As of 2016, less than half of U.S. high schools have class rank systems. Most universities are no longer considering class rank and taking a more holistic approach to admissions.
Class rank only demonstrates a student relative to his classmates and not the rigor of the course load.
The importance of student ranking for college admission has lessened considerably with the rising trend of evaluating students holistically.
Class rank only compares a student to other students at one school; therefore, ranking is a very narrow method of evaluation. In addition, a student who attends SEM would rank very high at their home school, but might rank in the middle of their class here. In this case, ranking would be harmful to the student.
Fosters a collaborative environment among students rather than competitive
Causes students to focus on their own growth rather than their comparison to their peers
Because some scholarships are based on class rank, many of our exceptional students will not be eligible to receive scholarships if we ranked our students.
Many of our graduating students would have a difficult time being accepted to Texas state schools if they are ranked low in their graduating class, but would be ranked in the top 10% at their home schools and therefore would be guaranteed admission.
In a school as rigorous as ours, we must consider the effects that class ranking has on our student body. Class ranking will foment the kind of toxic competition that will deter collaboration and collegiality amongst our students. In the working world, students must learn to work collaboratively with their peers especially in STEM fields.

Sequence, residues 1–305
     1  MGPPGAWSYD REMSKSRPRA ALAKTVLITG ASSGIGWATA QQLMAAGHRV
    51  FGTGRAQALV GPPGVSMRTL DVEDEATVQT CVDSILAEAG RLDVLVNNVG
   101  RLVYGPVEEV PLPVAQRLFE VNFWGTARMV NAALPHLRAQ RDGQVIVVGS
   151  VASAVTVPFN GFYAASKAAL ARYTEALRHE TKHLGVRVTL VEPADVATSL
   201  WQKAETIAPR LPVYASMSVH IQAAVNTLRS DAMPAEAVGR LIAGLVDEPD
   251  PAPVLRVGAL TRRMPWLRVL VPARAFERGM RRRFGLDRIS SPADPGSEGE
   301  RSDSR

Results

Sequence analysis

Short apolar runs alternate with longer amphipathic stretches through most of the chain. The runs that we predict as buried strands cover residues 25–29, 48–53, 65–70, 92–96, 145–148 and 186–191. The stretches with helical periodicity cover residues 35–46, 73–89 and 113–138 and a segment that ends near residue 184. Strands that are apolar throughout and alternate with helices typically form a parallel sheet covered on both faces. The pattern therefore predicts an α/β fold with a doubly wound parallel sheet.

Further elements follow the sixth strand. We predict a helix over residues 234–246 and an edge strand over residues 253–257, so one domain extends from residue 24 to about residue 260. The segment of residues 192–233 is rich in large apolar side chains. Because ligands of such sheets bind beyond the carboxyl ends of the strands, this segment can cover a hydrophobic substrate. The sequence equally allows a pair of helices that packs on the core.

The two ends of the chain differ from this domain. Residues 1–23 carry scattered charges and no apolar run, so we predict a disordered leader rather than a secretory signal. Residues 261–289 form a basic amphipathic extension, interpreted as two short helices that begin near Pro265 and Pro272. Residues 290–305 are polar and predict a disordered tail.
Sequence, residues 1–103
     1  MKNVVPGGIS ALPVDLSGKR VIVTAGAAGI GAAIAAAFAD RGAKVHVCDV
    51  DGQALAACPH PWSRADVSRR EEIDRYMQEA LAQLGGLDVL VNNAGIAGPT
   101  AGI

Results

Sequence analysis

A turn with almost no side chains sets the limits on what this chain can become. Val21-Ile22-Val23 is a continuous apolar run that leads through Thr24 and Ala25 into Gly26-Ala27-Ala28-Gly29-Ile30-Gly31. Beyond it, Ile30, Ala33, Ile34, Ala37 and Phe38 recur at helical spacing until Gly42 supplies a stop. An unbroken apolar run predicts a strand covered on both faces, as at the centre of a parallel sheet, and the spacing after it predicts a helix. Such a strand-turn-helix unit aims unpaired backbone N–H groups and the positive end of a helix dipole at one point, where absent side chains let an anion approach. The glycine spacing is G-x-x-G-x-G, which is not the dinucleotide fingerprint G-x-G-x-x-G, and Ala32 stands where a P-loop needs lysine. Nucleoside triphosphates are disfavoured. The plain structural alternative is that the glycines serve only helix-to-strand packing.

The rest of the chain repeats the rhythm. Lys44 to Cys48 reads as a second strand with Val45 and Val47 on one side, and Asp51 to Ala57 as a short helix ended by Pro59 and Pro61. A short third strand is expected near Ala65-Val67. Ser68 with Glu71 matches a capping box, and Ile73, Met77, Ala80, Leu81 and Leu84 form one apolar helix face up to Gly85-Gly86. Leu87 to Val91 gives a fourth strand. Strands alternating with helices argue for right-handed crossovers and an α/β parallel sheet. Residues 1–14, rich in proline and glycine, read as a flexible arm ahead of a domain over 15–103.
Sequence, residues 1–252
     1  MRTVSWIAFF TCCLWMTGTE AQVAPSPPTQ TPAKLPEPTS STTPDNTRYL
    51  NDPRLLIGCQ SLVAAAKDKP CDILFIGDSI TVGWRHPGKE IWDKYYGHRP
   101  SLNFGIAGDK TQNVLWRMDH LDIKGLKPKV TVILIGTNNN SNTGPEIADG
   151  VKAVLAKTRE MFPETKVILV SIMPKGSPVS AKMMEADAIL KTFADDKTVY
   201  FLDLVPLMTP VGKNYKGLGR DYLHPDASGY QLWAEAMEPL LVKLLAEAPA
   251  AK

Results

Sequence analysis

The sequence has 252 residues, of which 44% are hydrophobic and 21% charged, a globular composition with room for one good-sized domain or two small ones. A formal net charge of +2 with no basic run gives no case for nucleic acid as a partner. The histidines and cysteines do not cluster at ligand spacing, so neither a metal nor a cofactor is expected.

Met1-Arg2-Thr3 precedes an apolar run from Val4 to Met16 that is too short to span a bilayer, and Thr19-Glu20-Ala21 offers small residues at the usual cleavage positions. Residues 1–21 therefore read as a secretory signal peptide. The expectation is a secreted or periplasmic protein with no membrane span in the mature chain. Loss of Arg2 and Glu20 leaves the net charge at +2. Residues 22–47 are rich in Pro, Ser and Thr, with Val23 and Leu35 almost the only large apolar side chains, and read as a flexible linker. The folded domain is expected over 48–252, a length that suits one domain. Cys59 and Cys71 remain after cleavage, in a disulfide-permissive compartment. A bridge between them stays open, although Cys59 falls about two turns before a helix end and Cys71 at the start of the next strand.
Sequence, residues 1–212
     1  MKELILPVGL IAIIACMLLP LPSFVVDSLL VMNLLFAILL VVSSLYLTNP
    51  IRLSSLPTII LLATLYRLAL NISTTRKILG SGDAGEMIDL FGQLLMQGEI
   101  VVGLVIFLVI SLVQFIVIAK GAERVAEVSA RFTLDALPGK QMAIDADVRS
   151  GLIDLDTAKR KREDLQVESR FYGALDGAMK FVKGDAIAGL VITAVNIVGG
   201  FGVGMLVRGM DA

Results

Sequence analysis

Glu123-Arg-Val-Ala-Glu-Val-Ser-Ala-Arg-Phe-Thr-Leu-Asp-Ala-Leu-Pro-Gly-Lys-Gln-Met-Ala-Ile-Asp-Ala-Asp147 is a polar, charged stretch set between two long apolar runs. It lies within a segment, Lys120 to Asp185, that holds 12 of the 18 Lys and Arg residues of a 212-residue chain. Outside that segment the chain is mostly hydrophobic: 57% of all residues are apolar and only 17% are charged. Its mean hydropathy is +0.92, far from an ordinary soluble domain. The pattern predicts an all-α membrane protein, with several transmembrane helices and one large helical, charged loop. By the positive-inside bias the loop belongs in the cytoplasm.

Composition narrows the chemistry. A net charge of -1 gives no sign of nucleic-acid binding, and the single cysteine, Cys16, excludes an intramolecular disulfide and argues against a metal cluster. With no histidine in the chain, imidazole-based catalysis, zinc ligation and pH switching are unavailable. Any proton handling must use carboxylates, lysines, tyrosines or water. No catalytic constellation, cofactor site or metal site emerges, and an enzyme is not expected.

It is with great pleasure that I announce the hiring of Mr. Philip Timmons who will join our SEM family this Monday, Nov. 18th.
Mr. Philip Timmons, MSEE 1995, BSEE 1990, University of Texas at Arlington. ROTC, US Army Corps of Engineers. Texas Electrical Master. Instructor: US Army, University of Texas, Arlington, Lincoln Technical, Lockheed-Martin, others. Engineering: Eastman Chemical, University of Texas Southwest Medical, Texas Utilities, others. Areas of specialization: Electrical Power, Renewable Energy, Instrumentation and Controls, Programmable Logic and Robotics, Bio-Medical. Community: Boy Scouts, Church/Community Construction, Sponsor for teens from distressed families.
We are delighted to welcome Mr. Timmons to SEM. Please feel free to contact me with any questions.
All Dallas area high school students are invited to the annual Young Leaders, Strong City racial justice and equity summit. There will be food, music, and is free for all and an opportunity to gain volunteer hours.
YLSC intentionally recruits a diverse group of students from various backgrounds, levels of academic achievement, and existing leadership skills or experience. Our goal is to invest in students where they are right now by creating a day that exposes them to conversations covering topics such as environmental justice, sports and activism, identity, and organizing for change.
YLSC Sixth Annual Summit
Saturday, November 16th
10:00 AM – 04:00 PM
TWU Dallas 5500 Southwestern Medical Ave. Dallas, TX 75235
The Health Professions Recruitment and Exposure Program (HPREP) is now taking applications for its free program that includes interactive workshops, exposure to science and health careers, and a career fair.